Kohl’s has an inventory mess on its hands
Kohl’s can’t seem to catch a break, and it may have only itself to blame.
The department store chain on Thursday presented a dour outlook for 2022, saying it expects full-year sales to fall 5% to 6% compared to a year ago and blaming high inflation for preventing shoppers — specifically its middle-income consumers — from spending more at its stores. The company also reported a drop in sales and profit for the quarter ended July 30.
Kohl’s shares fell more than 7% Thursday.
But the economy isn’t its only problem. Kohl’s, similar to other large chains including Target and Walmart, is stuck with a lot of excess inventory that it can’t clear out. The chain’s inventory in the quarter was 48% above where it stood at the same time last year.
“We have adjusted our plans, implementing actions to reduce inventory and lower expenses to account for a softer demand outlook,” Kohl’s CEO Michelle Gass said in a statement.
With more than 1,100 US stores and around $19 billion in annual sales, Kohl’s is the largest department store chain in the United States. But the company has struggled to find a path forward for itself.
Kohl’s floated and then withdrew the idea of selling itself to Franchise Group (FRG), a holding company that owns The Vitamin Shoppe and other retail brands.
The retailer is trying a variety of tactics to stay relevant, especially to younger consumers. It recently partnered with popular cosmetics brand Sephora to open mini-Sephora stores its locations. Kohl’s said the move has helped it acquire a million new customers since last August who are younger, more diverse and shop more frequently than the average consumer.
And last week, the retailer announced it was rolling out a self pickup option at all of its stores for online orders within a two-hour window.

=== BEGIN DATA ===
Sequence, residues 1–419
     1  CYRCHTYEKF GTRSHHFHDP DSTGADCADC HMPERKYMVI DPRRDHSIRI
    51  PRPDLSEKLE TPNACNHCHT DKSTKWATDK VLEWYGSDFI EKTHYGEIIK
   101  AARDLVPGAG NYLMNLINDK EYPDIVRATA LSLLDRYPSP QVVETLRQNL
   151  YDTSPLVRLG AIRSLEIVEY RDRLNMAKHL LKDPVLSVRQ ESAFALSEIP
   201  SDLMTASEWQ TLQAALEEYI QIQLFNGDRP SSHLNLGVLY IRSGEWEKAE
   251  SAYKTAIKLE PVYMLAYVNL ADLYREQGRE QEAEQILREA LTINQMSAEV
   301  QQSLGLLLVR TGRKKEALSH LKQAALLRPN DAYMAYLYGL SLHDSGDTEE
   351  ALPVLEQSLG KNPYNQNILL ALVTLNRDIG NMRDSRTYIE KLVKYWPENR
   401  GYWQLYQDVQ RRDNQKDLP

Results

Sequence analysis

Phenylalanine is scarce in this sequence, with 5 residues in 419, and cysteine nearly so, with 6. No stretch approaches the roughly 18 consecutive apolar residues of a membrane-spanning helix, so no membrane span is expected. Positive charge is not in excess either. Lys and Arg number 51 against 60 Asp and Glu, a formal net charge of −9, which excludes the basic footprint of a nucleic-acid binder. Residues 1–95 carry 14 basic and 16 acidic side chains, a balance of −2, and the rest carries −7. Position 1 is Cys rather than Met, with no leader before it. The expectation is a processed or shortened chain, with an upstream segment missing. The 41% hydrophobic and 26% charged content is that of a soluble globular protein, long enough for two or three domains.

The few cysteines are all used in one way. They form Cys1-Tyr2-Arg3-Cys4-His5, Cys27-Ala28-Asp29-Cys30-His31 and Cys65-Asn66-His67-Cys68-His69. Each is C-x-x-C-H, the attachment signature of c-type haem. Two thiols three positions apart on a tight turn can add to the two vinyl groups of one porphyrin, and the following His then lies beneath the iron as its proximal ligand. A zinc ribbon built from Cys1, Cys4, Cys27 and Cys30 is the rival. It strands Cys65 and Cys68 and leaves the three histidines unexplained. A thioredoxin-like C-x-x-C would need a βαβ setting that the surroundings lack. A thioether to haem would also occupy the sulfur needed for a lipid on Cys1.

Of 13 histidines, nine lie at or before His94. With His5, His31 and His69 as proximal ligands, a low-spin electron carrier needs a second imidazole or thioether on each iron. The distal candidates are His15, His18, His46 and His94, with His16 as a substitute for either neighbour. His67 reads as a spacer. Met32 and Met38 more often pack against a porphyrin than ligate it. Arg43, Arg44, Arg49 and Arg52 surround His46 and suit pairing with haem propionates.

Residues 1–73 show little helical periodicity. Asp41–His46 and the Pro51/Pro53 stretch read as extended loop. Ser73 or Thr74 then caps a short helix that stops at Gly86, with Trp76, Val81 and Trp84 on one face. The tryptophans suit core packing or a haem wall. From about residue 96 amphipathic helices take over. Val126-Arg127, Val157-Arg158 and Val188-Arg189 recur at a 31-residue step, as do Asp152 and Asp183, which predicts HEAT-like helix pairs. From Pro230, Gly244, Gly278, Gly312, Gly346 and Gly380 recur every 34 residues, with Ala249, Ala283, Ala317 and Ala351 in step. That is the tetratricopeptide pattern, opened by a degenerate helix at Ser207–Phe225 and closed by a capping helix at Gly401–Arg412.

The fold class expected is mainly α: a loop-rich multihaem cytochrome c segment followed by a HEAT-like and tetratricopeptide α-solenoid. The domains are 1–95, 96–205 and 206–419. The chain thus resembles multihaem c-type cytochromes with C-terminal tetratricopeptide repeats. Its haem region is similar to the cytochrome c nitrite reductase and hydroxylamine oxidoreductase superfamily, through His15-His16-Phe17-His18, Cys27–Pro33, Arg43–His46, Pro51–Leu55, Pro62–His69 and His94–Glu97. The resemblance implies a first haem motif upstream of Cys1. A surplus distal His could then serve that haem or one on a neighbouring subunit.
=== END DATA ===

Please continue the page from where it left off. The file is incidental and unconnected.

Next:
But all of these efforts, although necessary for Kohl’s, can’t fully camouflage the chain’s most basic problem, said Neil Saunders, retail analyst and managing director at GlobalData Retail.
“In our view, the main source of Kohl’s woes are internal. Most notably, the company has lost the plot in terms of merchandising and range planning and appears to be taking a seemingly random approach to buying. The result is a jumble of disjointed product in stores, which is exacerbated by a very serious deterioration in shopkeeping standards,” Saunders said in a note Thursday.
“It used to be the case that while a little uninspiring, Kohl’s was disciplined and neat in its presentation. Over the past year that has all gone out of the window,” Saunders said. “In this kind of economic environment, consumers will quickly abandon purchases and stores that require too much effort for too little reward.”
Katherine Miklosik, who lives in the Toronto area, said she has shopped at the department store chain for decades, and is such a dedicated Kohl’s fan that whenever she travels to the United States, she carries her Kohl’s card and Kohl’s discount coupons with her.
“I usually spend several hundred dollars in store each trip,” she said. “As a cross border shopper, I enjoy getting clothes in the US that are different from stores here. [Kohl’s] sales are amazing and until recently there was such a great variety of options for clothing, purses, housewares and seasonal decor.”
But her last trip, on Aug. 13, to a Kohl’s in Watertown, NY, was a disappointment. Miklosik said she left the store “in a near panic attack from the jumbled mess and chaos.”
“On this visit I spent $12.10 on a reusable shopping bag with the Kohl’s logo, and two stuffed animals with proceeds going to the Kohl’s Cares Foundation,” she said. “I even told the cashier that I was so overwhelmed that I had to leave, and that maybe I’d try again the next day. I did not.”